Flashes of Fiction: Ease

Got a fantasy short story for you, more than a drabble this time.

Today’s Prompt:


There’d been an age when the fangs had been a problem, but that age was past. There’d been an age when his animosity with the sun had been a problem. That age was past for more reasons than one. There’d been an age of secrecy and stalking, but that age was past, replaced by an age of sharp smiles and seduction, and oh, by the legion, it was easy.

It hadn’t been this easy since he’d made himself a god of the Aztecs. He’d stolen a different form, then; one of theirs. It had been ages before he’d been successfully slain. His body was always slain in the end, and it always took a a spirit-age to claw his way back to the mouth of hell and out into the world of flesh—and blood.

He had taken possession of this body just prior to the Edwardian era, and had been making his way in the world of that most dangerous prey—man—for more than a century since. But now… he stroked his victim’s soft brown hair and chuckled. Now, he lived in what he fancied to call the New Edwardian era.

“What’s funny?” she asked as she fawned over him. Fawning—so like a fawn, she was, except that even the newest-born deer was wiser than to trust its natural predators. She should be, too. Humans had always been uneasy around him. However he’d tried to allay their fears, they had ever been skittish, sensing the demon and its blood lust, boiling just below his facade of flesh and skin.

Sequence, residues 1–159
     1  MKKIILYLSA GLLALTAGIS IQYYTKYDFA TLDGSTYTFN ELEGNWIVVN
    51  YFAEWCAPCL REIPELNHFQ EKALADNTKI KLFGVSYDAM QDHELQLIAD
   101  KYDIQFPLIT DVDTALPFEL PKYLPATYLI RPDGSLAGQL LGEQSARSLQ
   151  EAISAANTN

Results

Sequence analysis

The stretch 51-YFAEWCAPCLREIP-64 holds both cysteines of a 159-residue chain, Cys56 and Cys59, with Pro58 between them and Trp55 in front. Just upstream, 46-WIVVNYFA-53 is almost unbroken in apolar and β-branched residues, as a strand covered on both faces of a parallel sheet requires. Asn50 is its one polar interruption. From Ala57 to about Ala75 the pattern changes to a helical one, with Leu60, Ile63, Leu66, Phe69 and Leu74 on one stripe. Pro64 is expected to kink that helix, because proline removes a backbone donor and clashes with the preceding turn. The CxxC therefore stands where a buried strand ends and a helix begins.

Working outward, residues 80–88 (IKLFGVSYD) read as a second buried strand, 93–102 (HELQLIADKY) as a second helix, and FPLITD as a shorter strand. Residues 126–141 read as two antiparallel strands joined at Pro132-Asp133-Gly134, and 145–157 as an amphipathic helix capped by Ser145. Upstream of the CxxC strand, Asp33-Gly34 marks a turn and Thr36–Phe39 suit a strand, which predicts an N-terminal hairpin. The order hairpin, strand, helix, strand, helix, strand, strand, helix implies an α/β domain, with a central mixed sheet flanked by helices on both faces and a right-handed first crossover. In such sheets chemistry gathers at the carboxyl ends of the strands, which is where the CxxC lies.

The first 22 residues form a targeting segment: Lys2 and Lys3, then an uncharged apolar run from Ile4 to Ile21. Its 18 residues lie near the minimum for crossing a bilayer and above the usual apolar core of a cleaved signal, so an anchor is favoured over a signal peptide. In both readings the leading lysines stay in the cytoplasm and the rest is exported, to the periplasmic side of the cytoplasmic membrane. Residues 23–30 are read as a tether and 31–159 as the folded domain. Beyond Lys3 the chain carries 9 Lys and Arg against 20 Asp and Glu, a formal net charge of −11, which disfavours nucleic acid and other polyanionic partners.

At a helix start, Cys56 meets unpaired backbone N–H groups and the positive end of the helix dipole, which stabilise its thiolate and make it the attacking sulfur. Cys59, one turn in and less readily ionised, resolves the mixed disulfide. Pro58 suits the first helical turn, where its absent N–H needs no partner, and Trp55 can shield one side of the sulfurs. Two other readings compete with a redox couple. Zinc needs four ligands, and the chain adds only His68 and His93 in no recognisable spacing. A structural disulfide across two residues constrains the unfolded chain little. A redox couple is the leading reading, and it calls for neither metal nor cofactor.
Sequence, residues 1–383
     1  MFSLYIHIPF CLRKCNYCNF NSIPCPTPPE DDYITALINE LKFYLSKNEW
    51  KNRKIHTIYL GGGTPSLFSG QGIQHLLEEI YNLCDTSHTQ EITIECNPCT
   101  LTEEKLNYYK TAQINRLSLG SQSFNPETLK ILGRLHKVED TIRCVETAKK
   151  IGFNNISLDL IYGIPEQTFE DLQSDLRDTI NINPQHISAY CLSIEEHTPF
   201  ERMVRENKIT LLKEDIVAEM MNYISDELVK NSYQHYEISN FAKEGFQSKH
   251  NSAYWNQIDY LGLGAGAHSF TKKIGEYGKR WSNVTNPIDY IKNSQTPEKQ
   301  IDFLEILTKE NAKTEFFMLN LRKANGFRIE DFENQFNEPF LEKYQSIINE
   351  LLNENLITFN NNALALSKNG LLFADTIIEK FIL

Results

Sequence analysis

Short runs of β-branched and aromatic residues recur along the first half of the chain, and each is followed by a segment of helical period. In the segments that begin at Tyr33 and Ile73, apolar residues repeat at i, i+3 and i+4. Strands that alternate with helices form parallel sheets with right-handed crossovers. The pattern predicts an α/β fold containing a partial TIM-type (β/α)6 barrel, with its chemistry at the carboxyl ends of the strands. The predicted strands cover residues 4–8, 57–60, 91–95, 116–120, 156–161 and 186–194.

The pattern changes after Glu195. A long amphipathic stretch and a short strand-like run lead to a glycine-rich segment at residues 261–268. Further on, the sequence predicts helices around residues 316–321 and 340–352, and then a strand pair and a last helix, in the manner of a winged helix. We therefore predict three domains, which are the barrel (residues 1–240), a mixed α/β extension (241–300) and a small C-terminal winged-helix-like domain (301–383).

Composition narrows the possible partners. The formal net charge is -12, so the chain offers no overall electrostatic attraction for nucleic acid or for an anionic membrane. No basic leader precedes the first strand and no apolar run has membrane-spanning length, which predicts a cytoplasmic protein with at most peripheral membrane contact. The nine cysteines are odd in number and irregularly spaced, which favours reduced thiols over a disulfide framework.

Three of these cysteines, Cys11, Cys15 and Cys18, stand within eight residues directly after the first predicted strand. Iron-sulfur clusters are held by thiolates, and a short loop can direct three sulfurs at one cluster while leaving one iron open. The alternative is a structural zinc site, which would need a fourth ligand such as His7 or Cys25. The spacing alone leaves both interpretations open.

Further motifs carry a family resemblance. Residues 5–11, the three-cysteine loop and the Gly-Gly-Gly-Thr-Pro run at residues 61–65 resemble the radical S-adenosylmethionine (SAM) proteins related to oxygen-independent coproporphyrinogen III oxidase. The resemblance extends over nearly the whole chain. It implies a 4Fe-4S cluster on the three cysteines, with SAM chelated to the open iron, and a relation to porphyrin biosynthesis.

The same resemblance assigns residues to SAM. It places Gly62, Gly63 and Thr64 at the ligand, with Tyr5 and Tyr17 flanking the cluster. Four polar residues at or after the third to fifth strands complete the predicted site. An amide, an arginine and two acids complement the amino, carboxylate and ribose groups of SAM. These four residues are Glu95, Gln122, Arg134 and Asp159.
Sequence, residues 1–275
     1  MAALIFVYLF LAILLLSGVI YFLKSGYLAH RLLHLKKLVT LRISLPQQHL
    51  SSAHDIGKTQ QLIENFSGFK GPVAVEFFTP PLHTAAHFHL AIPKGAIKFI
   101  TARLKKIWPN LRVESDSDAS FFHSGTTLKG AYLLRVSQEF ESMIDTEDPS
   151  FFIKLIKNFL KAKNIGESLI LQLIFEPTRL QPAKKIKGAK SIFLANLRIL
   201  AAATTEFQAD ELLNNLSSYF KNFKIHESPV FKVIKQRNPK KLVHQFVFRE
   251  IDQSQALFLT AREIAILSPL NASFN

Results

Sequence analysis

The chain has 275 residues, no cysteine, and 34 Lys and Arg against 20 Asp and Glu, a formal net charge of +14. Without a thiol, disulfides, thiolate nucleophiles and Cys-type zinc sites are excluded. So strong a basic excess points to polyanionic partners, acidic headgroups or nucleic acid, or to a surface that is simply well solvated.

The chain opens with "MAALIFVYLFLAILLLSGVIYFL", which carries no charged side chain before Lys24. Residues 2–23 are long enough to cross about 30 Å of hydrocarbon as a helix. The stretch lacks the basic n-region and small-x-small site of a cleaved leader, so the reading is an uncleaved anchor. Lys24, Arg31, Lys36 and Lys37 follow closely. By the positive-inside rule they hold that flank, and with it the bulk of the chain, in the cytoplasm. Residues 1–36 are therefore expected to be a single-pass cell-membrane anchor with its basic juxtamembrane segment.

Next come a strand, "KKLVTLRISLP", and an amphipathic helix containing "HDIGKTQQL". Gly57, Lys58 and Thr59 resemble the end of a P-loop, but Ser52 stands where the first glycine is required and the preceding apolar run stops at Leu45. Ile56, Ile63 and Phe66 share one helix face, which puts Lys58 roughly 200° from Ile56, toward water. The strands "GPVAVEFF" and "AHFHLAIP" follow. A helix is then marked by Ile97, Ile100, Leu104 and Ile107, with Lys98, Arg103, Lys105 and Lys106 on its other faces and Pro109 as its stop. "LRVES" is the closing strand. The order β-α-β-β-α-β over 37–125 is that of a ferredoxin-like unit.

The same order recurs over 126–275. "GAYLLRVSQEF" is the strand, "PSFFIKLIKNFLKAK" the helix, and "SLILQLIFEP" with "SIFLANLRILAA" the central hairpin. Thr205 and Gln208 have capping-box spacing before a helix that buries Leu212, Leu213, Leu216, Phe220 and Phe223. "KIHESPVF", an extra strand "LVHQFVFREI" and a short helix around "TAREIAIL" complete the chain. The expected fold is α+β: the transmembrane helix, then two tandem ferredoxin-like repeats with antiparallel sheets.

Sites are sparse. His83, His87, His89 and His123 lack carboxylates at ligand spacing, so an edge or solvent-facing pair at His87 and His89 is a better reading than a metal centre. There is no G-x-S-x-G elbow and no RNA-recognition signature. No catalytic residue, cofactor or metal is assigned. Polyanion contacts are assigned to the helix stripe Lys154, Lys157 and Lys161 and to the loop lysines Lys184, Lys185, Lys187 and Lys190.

But now, all he had to do was tell these girl-children what he was, and they would forgive every warning that should have set the hair at the nape of their neck to standing. Now, they would follow him into secluded places and think the danger of him titillating. There was the joke of it!

“Funny, darling?” He tapped her nose with a pale fingertip. “You are.”

The idiot giggled as though she understood. He kissed her pulsing jugular, and sank his fangs into it. He’d taken mincing sips before, and longer draws—she’d let him, of course; he’d explained that he needed it ever so—but this time he drank until he felt that he would burst. The fledgling woman in his arms went limp, limper, then as limp as she’d ever be.

The vampire stood, and the husk of a human fell to join the leaf litter at his feet. If she’d even noticed death stealing over her, he thought, she’d probably found it romantic.


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